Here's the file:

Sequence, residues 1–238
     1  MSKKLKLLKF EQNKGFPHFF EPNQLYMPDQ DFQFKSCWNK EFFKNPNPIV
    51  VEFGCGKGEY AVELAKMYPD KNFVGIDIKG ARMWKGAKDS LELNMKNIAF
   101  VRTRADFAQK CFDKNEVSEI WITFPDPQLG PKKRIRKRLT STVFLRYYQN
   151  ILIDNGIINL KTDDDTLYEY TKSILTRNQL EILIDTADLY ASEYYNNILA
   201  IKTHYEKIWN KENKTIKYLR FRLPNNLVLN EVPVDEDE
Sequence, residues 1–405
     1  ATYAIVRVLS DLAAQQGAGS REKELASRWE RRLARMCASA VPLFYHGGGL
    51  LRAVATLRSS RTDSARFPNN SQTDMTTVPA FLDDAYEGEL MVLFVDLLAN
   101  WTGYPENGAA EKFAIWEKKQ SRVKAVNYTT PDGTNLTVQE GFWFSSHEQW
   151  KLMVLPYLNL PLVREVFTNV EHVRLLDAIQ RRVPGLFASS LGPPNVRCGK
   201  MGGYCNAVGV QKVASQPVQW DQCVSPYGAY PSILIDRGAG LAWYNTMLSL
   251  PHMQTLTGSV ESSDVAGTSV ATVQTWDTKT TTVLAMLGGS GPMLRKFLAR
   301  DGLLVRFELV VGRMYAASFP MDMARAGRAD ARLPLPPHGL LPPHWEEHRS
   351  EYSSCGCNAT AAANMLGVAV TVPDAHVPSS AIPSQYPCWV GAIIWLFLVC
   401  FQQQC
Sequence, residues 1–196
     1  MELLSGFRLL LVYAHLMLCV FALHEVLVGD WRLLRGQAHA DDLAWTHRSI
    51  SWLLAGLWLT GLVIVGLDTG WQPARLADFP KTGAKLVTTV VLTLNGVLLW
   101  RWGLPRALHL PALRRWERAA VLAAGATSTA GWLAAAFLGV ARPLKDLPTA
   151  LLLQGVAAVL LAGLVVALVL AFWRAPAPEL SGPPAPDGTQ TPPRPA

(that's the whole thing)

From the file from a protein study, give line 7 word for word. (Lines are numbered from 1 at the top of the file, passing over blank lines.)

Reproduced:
Sequence, residues 1–405